“Well, the dialectic of belief and vision is the path I have to go down now.” ––Late Notebooks, 1:73
Joe Adamson’s reference earlier today to “The Dialectic of Vision and Belief” reminded me of some notes I made for my students several years back. Page references are to the essay as reprinted in Myth and Metaphor, 93–107. The students were undergraduates, so here and there I provided a bit of background on Hegel, Derrida, McLuhan, et al.
1. Frye calls his title “somewhat forbidding.” We might consider first what dialectic means. The word comes from the Greek dialektos, meaning dialogue or debate. In Plato, dialectic is the science or discipline of drawing rigorous distinctions. In the Middle Ages dialectic was treated in partnership with logic as being one of the trivium in the medieval education system, the other two being grammar and rhetoric. The word dialogue also comes from the Greek root, and this seems to be the sense in which Frye is using the word. Plato wrote his earlier works in dialogue form, using what we now call the Socratic method, which is a way of doing philosophy through discussion between two or more parties. Hegel was the preeminent modern philosopher for Frye (he makes an appearance in this essay on p. 98), and there might be a touch of the Hegelian sense of dialectic in Frye’s title. For Hegel, dialectic refers to the process of overcoming the contradiction between thesis and antithesis by means of a synthesis. So in this essay Frye perhaps means to suggest that something might emerge from the opposition between “belief” and “vision.”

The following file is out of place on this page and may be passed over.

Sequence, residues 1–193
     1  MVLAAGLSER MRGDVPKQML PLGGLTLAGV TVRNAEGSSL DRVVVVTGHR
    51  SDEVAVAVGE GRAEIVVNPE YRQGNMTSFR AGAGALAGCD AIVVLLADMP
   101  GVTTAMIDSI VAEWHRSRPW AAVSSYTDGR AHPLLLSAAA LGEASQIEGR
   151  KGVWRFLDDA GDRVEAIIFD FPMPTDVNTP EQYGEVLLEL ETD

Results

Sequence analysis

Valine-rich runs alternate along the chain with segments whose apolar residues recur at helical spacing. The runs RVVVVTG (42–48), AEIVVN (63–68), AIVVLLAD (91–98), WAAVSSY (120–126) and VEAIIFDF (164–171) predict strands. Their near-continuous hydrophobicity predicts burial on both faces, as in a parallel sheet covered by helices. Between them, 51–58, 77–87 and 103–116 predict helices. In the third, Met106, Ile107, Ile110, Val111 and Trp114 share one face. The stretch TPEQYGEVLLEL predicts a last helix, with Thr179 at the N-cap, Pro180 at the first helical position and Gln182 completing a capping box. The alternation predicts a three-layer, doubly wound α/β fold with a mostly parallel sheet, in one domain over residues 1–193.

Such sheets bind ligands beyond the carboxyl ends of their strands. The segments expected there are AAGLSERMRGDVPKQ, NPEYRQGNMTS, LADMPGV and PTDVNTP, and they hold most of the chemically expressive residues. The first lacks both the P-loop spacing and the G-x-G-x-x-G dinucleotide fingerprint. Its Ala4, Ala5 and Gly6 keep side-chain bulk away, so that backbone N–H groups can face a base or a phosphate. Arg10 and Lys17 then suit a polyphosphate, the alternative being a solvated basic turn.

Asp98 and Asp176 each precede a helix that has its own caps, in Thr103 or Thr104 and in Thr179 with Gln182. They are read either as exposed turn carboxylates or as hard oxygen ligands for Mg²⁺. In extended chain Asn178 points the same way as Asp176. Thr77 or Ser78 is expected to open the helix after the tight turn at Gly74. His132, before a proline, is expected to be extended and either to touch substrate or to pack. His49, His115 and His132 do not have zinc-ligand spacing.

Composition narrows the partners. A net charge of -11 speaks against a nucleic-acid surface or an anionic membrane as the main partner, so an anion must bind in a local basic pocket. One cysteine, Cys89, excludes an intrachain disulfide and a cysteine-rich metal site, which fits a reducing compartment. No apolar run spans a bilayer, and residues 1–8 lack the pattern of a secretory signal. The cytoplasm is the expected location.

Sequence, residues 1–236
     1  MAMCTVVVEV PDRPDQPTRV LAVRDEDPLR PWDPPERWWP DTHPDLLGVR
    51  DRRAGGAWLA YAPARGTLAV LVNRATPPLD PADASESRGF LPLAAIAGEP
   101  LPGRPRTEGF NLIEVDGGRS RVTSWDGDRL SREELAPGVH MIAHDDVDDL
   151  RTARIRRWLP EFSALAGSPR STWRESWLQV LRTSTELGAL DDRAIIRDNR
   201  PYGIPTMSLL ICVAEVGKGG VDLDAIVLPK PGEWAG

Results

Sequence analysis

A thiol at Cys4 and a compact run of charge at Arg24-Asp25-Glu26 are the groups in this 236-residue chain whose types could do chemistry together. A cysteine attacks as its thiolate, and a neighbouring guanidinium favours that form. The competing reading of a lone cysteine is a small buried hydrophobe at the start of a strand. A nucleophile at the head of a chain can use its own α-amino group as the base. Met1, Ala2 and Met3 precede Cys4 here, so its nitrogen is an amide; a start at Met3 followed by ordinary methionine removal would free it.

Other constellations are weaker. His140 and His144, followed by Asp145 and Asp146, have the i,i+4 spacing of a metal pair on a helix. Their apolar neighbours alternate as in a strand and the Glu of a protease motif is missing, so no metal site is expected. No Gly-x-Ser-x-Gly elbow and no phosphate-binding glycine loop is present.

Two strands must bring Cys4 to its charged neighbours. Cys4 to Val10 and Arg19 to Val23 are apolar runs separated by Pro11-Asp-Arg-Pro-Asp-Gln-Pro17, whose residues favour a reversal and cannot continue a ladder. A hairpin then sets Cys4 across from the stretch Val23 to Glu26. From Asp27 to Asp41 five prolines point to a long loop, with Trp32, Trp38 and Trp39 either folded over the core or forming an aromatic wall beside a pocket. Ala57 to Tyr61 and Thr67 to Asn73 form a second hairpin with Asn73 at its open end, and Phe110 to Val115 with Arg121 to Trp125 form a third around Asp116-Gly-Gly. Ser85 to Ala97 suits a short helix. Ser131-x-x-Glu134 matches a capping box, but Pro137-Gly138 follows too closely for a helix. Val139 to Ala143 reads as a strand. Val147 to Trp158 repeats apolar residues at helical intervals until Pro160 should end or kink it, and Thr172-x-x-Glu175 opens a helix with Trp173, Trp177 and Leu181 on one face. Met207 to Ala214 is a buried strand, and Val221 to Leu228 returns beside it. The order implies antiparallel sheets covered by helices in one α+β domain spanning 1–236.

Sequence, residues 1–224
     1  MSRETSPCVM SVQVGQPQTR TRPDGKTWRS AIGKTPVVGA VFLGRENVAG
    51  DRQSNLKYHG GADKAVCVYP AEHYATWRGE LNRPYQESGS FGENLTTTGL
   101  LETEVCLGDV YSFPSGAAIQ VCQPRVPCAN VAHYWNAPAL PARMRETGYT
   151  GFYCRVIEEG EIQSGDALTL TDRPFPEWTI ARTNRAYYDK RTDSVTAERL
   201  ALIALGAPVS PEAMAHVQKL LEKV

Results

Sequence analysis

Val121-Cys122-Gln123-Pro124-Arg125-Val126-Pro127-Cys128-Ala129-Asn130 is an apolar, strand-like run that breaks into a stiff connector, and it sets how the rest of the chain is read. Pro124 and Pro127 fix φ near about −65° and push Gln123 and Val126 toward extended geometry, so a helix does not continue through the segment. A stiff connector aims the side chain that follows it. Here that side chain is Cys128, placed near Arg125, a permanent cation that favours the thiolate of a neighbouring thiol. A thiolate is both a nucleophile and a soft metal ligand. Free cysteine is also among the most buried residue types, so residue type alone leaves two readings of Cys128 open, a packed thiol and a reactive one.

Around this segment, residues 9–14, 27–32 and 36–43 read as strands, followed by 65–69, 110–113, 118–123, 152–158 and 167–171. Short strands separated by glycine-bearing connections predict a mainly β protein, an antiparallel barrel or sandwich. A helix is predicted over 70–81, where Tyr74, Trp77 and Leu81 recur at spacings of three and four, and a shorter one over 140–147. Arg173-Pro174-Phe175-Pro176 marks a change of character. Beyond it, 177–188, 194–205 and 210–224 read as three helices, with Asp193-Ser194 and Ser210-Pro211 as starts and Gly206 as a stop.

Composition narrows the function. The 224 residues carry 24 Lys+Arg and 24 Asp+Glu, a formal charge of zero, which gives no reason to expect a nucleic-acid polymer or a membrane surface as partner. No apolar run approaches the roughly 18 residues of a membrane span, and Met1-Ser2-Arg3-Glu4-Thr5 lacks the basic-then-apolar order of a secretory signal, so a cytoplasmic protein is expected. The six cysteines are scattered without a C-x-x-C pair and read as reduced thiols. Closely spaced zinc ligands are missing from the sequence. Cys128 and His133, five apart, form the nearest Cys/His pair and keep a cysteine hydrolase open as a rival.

The dialectical method involves the notion that movement, or process, or progress is the result of the conflict of opposites. Traditionally, this dimension of Hegel’s thought has been analyzed in terms of the categories of thesis, antithesis, and synthesis. Although Hegel tended to avoid these terms, they are helpful in understanding his concept of the dialectic. The thesis, then, might be an idea or a historical movement. Such an idea or movement contains within itself incompleteness that gives rise to opposition, or an antithesis, a conflicting idea or movement. As a result of the conflict a third point of view arises, a synthesis, which overcomes the conflict by reconciling at a higher level the truth contained in both the thesis and antithesis. This synthesis becomes a new thesis that generates another antithesis, giving rise to a new synthesis, and in such a fashion the process of intellectual or historical development is continually generated. Hegel thought that Absolute Spirit itself (which is to say, the sum total of reality) develops in this dialectical fashion toward an ultimate end or goal. For Hegel, therefore, reality is understood as the Absolute unfolding dialectically in a process of self-development. As the Absolute undergoes this development, it manifests itself both in nature and in human history. Nature is Absolute Thought or Being objectifying itself in material form. Finite minds and human history are the process of the Absolute manifesting itself in that which is most kin to itself, namely, spirit or consciousness. In The Phenomenology of Mind Hegel traced the stages of this manifestation from the simplest level of consciousness, through self-consciousness, to the advent of reason.